Washington State Magazine

Spring 2004


Spring 2004

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In This Issue...

Features

Mount St. Helens: The perfect laboratory :: It is impossible to accept the immensity of Mount St. Helens and the effect of its catastrophic 1980 eruption unless you are able to stand beneath the enormous crater on the pumice plain and listen to John Bishop talk about lupines.

{ WEB EXCLUSIVE–Gallery: Mount St. Helens :: Photographs of John Bishop's research and the volcano. By Robert Hubner}

Lonely, Beautiful, and Threatened—Willapa Bay :: Willapa Bay is the largest estuary between San Francisco and Puget Sound. It boasts one of the least-spoiled environments and the healthiest salmon runs south of Canada. It produces one in every four oysters farmed in the United States and is a favorite stop for tens of thousands of migratory birds. And it's in trouble.

{ WEB EXCLUSIVE–Gallery: Willapa Bay :: Photographs by Bill Wagner}

Extreme Diversity—in Soap Lake :: Soap Lake is surrounded by dark shores, sheer rock walls, a primeval landscape. Its waters have long been thought by some to cure certain maladies. It is also home to strange, hardy organisms that live nowhere else.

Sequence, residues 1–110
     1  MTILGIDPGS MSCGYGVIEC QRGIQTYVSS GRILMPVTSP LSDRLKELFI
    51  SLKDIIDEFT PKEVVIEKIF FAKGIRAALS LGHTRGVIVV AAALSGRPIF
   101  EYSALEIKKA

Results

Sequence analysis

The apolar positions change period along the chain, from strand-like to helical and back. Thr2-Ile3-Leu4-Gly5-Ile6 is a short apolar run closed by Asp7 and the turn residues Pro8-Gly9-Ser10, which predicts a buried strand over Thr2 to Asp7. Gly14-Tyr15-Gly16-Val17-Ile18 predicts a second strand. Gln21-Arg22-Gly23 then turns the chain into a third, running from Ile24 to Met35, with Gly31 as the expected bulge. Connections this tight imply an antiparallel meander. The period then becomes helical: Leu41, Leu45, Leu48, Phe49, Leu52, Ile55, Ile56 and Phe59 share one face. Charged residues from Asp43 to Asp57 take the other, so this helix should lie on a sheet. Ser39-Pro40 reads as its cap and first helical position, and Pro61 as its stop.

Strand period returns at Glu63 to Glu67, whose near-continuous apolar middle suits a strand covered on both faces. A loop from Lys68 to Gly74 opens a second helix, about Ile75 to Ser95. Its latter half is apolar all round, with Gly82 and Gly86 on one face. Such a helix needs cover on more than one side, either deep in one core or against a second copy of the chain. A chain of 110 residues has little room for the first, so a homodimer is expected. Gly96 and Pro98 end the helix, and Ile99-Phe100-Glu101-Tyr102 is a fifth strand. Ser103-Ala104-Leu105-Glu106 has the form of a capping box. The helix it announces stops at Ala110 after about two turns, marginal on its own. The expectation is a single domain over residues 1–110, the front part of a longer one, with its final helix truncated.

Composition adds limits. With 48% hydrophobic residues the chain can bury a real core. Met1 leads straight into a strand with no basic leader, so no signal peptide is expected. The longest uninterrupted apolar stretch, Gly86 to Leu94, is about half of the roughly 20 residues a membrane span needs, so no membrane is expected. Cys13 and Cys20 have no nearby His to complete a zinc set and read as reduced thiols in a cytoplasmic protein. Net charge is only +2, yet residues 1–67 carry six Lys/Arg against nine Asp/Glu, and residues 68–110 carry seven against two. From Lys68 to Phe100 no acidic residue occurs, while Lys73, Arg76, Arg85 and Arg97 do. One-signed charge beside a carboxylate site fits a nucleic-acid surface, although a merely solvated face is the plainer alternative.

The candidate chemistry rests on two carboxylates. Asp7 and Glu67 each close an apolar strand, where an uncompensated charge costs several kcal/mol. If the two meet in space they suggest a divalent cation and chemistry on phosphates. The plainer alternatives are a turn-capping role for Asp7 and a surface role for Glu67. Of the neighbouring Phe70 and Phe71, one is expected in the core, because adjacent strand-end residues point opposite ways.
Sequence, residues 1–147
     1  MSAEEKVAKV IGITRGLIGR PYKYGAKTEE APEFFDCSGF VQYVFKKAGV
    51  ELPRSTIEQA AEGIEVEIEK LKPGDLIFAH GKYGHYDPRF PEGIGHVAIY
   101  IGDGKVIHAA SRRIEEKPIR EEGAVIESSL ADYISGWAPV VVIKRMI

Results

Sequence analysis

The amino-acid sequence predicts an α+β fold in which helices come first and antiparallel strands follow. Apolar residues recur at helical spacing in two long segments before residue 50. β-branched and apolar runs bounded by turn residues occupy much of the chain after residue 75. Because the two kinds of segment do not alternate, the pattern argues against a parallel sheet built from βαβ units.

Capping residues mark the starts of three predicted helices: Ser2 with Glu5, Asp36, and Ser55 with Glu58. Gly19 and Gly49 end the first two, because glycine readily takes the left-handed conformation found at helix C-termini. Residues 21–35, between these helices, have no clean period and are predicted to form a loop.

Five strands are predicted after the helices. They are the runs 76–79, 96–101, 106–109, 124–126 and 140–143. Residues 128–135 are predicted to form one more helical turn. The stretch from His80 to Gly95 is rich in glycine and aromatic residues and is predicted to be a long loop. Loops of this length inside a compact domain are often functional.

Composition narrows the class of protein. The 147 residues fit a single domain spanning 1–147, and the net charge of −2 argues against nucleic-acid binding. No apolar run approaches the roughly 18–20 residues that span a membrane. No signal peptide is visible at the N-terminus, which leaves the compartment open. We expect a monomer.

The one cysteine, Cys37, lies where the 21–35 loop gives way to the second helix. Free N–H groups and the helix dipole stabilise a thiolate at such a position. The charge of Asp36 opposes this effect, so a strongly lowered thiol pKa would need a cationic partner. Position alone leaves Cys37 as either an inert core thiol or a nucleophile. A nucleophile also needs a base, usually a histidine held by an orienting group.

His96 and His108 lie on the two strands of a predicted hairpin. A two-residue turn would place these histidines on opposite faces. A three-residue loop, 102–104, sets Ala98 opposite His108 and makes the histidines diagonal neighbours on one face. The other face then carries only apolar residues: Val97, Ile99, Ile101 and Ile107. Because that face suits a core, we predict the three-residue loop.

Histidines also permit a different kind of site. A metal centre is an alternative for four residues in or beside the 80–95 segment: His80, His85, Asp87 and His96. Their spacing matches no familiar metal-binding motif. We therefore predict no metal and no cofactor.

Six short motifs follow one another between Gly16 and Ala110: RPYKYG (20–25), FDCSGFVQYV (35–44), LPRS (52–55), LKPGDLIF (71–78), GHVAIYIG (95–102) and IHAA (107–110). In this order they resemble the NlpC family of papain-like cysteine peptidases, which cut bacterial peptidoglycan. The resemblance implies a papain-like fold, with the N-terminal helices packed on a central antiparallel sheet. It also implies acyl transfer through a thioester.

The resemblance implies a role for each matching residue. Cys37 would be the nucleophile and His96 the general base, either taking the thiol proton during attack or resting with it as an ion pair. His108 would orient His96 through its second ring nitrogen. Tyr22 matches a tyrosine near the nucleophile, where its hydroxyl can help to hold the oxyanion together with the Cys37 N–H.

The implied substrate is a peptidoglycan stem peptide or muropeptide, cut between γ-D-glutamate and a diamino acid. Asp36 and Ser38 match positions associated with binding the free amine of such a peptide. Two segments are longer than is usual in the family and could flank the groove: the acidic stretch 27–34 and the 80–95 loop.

Keith Lincoln, Barn Builder :: Over 25 years at Washington State University, alumni director Keith Lincoln built many things, including friendships and a place where alums can go to sit in the shade.

Panoramas

Departments

:: SEASONS/SPORTS: Golfer Kim Welch

:: SEASONS/SPORTS: Basketball's Marcus Moore

Tracking

Cover: Ecologist John Bishop has followed the reestablishment of life on Mount St. Helens's pumice plain. Read the story here. Photograph by Robert Hubner.

Panoramas
3 degrees of cool

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Gerhard Richter, 798-2 Abstract painting, 1993, Collection of Virginia and Begley Wright

3 Degrees of Cool

by | © Washington State University

Works from the Virginia and Bagley Wright Collection

A new exhibition from the collection of Virginia and Bagley Wright, curated by Chris Bruce, director of the Museum of Art at Washington State University, takes the definition of cool to new heights. Viewers "get into the groove" by moving through three conceptual spaces with a mix of hypnotic African and Oceanic masks, haunting minimalist paintings, and electric abstract acrylics.

Virginia and Bagley Wright, international art collectors who live in Seattle, lived in New York during the 1950s and bought works directly from artists such as Jackson Pollock and Robert Rauschenberg. The Wrights now have one of the most comprehensive postwar collections of major contemporary art in the country. For this show, Bruce sifted through the collection to see which works "had a certain vibe and resonance when put together in the same room."

"3 Degrees of Cool" will run through February 29 at the Museum of Art, Pullman campus, located in the Fine Arts Center on Wilson Road across from Martin Stadium. Hours are Monday through Friday, 10 a.m. to 4 p.m.; Thursdays, 10 a.m. to 7 p.m.; and Saturdays and Sundays, 1 to 5 p.m. To schedule a docent-led tour, call the museum at 509-335-1910.

Categories: Fine Arts | Tags: WSU Museum of Art

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